US Justice Department Brings Charges Against Two FX Traders

Mark Johnson, the head of global FX cash trading at HSBC and
Stuart Scott, former head of FX cash trading for EMEA at HSBC, have been officially
charged by the US Justice Department with conspiring to defraud HSBC clients by
front running orders.

Profit & Loss reported yesterday
on the reports emerging that Johnson had been arrested at JFK airport in New
York in connection with the Justice Department’s ongoing FX rigging
investigation, which have now been confirmed. Profit & Loss also reported on Scott’s dismissal from HSBC when it was revealed in December 2014.

“As
alleged, the defendants placed personal and company profits ahead of their
duties of trust and confidentiality owed to their client, and in doing so,
defrauded their client of millions of dollars,” says US Attorney Robert Capers
of the Eastern District of New York. 
 

He adds:
“When questioned by their client about the higher price paid for their
significant transaction, the defendants wove a web of lies designed to conceal
the truth and divert attention away from their fraudulent trades.  The
charges and arrest announced today reflect our steadfast commitment to hold
accountable corporate executives and licensed professionals who use their
positions to fraudulently enrich themselves.”

Assistant
Attorney General Leslie Caldwell of the Justice Department’s Criminal Division
states that the defendants “allegedly betrayed their client’s confidence, and
corruptly manipulated the foreign exchange market to benefit themselves and
their bank”.
 

All of
the authorities involved in announcing the charges appear keen to stress that
individuals are now being held to account in relation to the FX rigging
scandals.
 

For
example, Caldwell claims that “This case demonstrates the Criminal Division’s
commitment to hold corporate executives, including at the world’s largest and
most sophisticated institutions, responsible for their crimes”, while

Frederick Gibson, acting inspector
general at the Federal Deposit Insurance Corporation (FDIC) says the case emphasises
that it is “critically important to hold individuals accountable for their
actions, particularly those who abuse their positions of public trust”.
 

Similarly,
Paul Abbate, assistant director in charge at the FBI’s Washington field office,
warns that “The FBI will continue to work aggressively with our partners to
prevent, investigate and prosecute criminal fraud in the financial markets.”

Front running accusations

According to the court documents
relating to this case, Johnson and Scott are accused of defrauding clients by
using information provided in confidence to HSBC to purchase sterling in
advance of the transaction, knowing that the transaction would cause the price
of sterling to increase, generating “substantial” trading profits for HSBC and
the defendants.
 

The court filing identifies this as front
running and notes that it is in breach of HSBC’s duty of trust and confidence to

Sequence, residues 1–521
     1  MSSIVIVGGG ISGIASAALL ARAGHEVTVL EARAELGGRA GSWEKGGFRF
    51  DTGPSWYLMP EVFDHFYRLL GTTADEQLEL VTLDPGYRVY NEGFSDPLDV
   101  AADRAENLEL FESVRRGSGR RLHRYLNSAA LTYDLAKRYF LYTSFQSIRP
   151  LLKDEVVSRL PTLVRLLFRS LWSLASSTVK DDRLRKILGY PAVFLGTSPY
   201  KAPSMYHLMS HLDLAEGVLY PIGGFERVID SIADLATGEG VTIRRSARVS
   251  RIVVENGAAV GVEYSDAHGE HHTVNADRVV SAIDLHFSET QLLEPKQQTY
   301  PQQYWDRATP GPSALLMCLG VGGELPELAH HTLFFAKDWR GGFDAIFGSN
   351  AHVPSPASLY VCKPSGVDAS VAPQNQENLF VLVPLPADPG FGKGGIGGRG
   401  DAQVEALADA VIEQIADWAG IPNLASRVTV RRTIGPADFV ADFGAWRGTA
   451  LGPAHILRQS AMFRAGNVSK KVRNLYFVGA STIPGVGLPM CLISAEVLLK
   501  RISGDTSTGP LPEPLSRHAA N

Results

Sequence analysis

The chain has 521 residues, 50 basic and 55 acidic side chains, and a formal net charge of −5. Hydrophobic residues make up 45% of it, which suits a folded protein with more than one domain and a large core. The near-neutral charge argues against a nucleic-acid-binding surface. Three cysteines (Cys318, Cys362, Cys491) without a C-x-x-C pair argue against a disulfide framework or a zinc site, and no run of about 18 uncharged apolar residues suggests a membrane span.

its clients.

According
to the complaint, in November and December
2011 Johnson and Scott misused information provided to them by a client that
hired HSBC to execute a foreign exchange transaction related to a planned sale
of one of the client’s foreign subsidiaries. 

HSBC was selected to execute the foreign exchange transaction
– which was going to require converting approximately $3.5 billion in sales
proceeds into GBP – in October 2011. HSBC’s agreement with the client
required the bank to keep the details of the client’s planned transaction
confidential. 

Instead, Johnson and Scott allegedly misused confidential
information they received about the client’s transaction. On multiple occasions,
Johnson and Scott allegedly purchased sterling for HSBC’s “proprietary”
accounts, which they held until the client’s planned transaction was executed.

The
court filing alleges that the
pair then caused the $3.5 billion purchase
of sterling to be executed in a way that made the currency spike in order
to benefit HSBC and defendants, in contrast to the bank’s commitment to its
clients to execute in their best interests and avoid unnecessary market impact
when trading their orders.
 

In
total, HSBC allegedly generated profits of roughly $8 million from its
execution of the FX transaction for the client, including profits generated
from the front running conduct by Johnson, Scott, and other traders whom they
directed. 

The complaint also alleges that Johnson
and Scott made “material misrepresentations and omissions” to the banks’
clients in order to “further scheme by, among other things, concealing HSBC’s
role in the spike in the price of sterling”.

The
investigation is being conducted by the FDIC’s Office of Inspector General and
the FBI’s Washington Field Office.  Trial attorney Melissa Aoyagi and
senior litigation counsel Carol Sipperly of the Criminal Division’s Fraud
Section and assistant US Attorney Jacquelyn Kasulis of the Eastern District of
New York’s Business and Securities Fraud Section are prosecuting the case.

The
charges in this case were brought in connection with the President’s Financial
Fraud Enforcement Task Force.


galen@profit-loss.com

@Galen_Stops

@Profit_and_Loss

Galen Stops

Share This

Share on facebook
Facebook
Share on google
Google+
Share on twitter
Twitter
Share on linkedin
LinkedIn
Share on reddit
Reddit

Related Posts in